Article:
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I have a problem with unicode character and JS. I have a bookmarklet to help me typing strange unicode character.

I use "".charCodeAt(pos) to obtain the unicode code to reproduce same strange character, and String.FromChardCode for the reverse. But, for characters that have a unicode code > 55349 I have a problem: http://en.wikipedia.org/wiki/Blackboard_bold

For example for the Blackboard bold X (120169):

if I try to obtain it from code:

alert(String.fromCharCode(120169));

I obtain another character, the same thing if I try to obtain the code directly from JS:

s="𝕏";
alert(s.charCodeAt(0))
alert(s.charCodeAt(1))

Results: 55349 56655

There is a method to work with these kind of characters?


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possible duplicate of JavaScript strings outside of the BMP –  Tim Down Jan 22 '13 at 16:11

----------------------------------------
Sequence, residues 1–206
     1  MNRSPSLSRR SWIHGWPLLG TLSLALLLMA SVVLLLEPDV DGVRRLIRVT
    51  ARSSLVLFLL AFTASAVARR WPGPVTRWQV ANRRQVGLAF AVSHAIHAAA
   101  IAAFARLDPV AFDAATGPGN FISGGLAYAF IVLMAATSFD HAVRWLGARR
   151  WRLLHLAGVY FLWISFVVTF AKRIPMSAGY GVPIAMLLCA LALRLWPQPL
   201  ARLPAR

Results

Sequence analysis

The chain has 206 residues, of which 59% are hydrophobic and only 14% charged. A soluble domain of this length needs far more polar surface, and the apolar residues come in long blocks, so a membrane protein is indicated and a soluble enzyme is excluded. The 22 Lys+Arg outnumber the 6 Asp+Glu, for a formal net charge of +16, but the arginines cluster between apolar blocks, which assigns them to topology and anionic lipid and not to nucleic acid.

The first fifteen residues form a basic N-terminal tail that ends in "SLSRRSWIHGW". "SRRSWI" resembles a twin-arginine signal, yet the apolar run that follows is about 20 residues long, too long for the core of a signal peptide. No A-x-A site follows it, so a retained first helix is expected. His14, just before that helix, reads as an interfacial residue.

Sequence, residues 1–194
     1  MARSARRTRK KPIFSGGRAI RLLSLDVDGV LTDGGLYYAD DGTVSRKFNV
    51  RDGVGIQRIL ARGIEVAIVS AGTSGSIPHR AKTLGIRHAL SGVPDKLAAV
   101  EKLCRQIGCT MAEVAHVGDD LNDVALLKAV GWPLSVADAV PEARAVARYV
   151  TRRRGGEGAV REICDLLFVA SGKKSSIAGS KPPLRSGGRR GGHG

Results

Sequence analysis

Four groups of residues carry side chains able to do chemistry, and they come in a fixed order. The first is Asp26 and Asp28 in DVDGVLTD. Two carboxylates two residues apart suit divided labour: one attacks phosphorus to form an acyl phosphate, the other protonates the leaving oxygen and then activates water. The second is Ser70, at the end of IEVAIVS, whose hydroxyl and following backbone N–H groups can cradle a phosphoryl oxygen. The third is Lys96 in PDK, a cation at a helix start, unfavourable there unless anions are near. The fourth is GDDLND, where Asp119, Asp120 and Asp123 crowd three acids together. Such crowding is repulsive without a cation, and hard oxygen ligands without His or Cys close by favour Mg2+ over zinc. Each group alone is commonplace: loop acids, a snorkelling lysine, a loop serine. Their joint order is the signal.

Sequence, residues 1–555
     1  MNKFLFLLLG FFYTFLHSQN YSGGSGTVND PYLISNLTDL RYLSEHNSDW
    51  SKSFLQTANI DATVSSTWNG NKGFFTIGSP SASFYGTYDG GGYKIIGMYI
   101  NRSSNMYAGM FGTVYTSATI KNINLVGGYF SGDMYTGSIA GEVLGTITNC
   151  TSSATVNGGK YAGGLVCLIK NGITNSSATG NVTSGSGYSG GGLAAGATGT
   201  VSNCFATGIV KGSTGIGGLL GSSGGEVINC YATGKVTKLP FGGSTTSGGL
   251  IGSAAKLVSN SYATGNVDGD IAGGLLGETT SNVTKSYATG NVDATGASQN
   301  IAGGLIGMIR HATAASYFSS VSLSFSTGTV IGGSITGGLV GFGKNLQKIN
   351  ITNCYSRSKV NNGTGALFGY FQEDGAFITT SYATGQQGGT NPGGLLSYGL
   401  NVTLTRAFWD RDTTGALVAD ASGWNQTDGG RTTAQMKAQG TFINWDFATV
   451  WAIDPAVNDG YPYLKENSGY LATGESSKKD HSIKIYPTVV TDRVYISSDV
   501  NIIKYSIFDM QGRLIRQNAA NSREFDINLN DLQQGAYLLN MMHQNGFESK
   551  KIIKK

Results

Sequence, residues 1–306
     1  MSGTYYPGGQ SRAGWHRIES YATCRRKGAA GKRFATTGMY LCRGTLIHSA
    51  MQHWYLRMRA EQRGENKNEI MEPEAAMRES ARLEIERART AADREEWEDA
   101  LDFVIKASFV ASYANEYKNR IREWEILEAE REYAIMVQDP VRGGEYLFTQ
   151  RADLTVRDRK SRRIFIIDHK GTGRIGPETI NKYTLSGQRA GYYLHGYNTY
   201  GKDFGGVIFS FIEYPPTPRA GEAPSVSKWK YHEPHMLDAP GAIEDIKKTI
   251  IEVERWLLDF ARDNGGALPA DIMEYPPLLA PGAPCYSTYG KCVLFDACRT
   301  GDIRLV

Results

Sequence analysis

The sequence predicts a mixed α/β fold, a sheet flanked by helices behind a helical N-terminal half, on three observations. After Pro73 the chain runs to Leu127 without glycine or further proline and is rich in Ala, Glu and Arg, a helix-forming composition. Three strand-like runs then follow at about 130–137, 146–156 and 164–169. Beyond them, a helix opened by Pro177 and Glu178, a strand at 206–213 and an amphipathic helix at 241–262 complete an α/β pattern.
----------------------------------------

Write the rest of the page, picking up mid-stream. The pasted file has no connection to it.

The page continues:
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1 Answer

up vote 6 down vote accepted

Internally, Javascript stores strings in a 16-bit encoding resembling UCS2 and UTF-16. (I say resembling, since it’s really neither of those two). The fact that they’re 16-bits means that characters outside the BMP, with code points above 65535, will be split up into two different characters. If you store the two different characters separately, and recombine them later, you should get the original character without problem.

Recognizing that you have such a character can be rather tricky, though.

Mathias Bynens has written a blog post about this: JavaScript’s internal character encoding: UCS-2 or UTF-16?. It’s very interesting (though a bit arcane at times), and concludes with several references to code libraries that support the conversion from UCS-2 to UTF-16 and vice versa. You might be able to find what you need in there.

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Ok, thanks a lot :-) –  gialloporpora Jan 23 '13 at 13:30
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